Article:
Blogger: Mary Keeley
I look forward to the new year, don’t you? With last year’s successes and rejections behind you, beginning anew on a clean slate is invigorating and breeds HOPE, especially when you launch with a good strategy. Today I want to focus on a key ingredient.
Agents often remind writers to be patient during the journey to representation. But it doesn’t stop there. We continue advising our clients to persevere on their journey to publication and re-publication. This isn’t only wise advice or a nice platitude intended to encourage. It’s a strategy for success.
PATIENCE IN RELATIONSHIPS
A client once let me know she was unhappy with me. I hadn’t responded to her email when I said I would, and she was feeling neglected. That cut deeply because responsiveness to clients is a high value to me. I felt awful that she felt unimportant. But I needed to be patient with her remarks because she didn’t understand that at the time she communicated, I was in the midst of 20 meetings with publishers at ICRS (now Unite) and then would be flying directly to a writers conference to teach two workshops. The pace was so fast, I didn’t enter a note on my calendar, and by the time I got back to the office, I had forgotten about responding. As much as any of us tries not to, we’re going to mess up once in a while. It’s part of being human. Thankfully, she responded in patience with me once I explained the timing.
Writers who practice patience early in their writing life and choose to view delays, discouragements, rejections…and yes, oversights…through a positive lens are preparing themselves for successful relationships. Relationships with editors, marketing and sales staff, and publishing executives when your book is contracted and in production.
It’s going to take patience on your part because undoubtedly you’ll have a disagreement here or there. Note any defensive reaction you might be having and surrender it to a spirit of patience while you give yourself time to think through the issue. Of course editors are human too, and occasionally they’re wrong. That’s when you bring your agent in to mediate difficult discussions. This preserves the good relationship you’ve created with your publishing house, which moves them to want to work with you again.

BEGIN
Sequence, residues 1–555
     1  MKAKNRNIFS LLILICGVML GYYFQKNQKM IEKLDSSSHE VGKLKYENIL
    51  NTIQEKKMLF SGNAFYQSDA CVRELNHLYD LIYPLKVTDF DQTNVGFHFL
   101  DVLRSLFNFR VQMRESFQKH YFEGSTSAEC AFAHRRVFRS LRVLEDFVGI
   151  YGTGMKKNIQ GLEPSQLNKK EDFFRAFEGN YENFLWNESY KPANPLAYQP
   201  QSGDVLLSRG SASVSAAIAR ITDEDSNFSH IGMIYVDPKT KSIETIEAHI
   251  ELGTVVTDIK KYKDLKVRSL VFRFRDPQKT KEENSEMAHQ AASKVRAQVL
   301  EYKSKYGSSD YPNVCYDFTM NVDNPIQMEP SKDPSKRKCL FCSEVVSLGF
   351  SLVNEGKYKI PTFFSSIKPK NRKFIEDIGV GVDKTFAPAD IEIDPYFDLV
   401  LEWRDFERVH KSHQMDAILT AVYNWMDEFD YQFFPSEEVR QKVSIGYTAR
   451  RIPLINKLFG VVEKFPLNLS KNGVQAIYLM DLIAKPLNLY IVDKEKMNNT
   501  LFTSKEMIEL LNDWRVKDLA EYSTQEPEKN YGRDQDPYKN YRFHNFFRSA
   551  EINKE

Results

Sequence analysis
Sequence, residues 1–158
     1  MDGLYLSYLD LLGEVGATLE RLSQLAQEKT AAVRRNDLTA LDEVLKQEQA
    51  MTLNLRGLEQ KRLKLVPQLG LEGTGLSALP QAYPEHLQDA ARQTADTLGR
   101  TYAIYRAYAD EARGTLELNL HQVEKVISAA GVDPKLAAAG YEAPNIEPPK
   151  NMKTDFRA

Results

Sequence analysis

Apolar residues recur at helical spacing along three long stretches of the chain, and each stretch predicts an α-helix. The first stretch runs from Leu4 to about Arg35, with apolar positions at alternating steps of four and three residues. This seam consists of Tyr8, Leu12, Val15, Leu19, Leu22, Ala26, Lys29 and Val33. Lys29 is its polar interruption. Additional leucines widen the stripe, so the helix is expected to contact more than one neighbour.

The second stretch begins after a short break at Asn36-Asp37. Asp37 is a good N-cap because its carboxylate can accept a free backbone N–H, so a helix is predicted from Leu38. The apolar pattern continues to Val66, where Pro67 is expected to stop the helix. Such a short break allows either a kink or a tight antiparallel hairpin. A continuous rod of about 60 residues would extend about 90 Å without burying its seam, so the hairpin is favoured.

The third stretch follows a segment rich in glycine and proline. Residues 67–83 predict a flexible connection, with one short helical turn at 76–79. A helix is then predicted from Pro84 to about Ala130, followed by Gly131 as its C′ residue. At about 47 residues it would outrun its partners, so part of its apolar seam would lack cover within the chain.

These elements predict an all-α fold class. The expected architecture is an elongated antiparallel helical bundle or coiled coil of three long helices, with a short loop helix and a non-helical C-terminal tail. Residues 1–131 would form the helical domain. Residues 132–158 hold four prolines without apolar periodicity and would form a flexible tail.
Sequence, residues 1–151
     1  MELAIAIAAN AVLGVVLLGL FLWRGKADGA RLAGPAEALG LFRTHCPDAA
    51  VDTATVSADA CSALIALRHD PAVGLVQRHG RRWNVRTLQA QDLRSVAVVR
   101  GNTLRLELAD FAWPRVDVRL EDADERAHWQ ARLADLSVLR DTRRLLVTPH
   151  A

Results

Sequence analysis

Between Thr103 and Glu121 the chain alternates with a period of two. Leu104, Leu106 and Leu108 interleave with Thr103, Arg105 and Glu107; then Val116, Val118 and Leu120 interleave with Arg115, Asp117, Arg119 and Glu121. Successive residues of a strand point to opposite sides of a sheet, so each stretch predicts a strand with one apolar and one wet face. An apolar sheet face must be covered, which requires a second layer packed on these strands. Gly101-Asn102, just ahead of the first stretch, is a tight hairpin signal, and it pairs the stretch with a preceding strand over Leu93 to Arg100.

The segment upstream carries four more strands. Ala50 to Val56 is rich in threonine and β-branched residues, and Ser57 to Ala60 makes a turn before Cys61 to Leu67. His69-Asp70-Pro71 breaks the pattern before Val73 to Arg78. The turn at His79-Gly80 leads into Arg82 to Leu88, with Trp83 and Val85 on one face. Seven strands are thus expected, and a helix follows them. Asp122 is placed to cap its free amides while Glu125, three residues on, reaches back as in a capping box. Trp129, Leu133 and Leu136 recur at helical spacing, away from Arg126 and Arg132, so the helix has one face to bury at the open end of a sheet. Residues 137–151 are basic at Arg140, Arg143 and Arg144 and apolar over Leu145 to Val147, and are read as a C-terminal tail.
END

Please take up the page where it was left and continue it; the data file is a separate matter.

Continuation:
PATIENCE WITH YOURSELF
An author I know once came to the wise conclusion that she needs to be patient with herself during the writing process. Each writer has areas of the craft that are easier for him or her than others. Plotting might come easily for other authors, but it was a stickler for her. Instead of getting frustrated and tempted to give up (never a productive atmosphere in which to do one’s best writing), she’s learned to factor time into her writing schedule for brainstorming ideas and then trying each one out until she finally creates the one that works seamlessly. This part of writing is going to require her most patient, gracious energy toward herself. She said patience “will help me not give up but continue to wade through, seeking out others who are natural plotters.”
Patience is all about the grace that preserves a positive, optimistic outlook toward your work and your interactions with others. That kind of attitude creates a teachable spirit, which agents and editors look for. And it will preserve your relationships, your reputation, and love for your work. A strategy for success.
Patience keeps a steady foot on the accelerator, but impatience taps the brake.
When was the last time you needed to exercise patience in your writing life? With yourself? How did it go? Which part of the writing process is your biggest struggle?
Some things in publishing don’t change. Patience is a necessary strategy in your writing career. Click to Tweet.
Patience with the process and yourself is a foundational strategy for success in your writing life. Click to Tweet.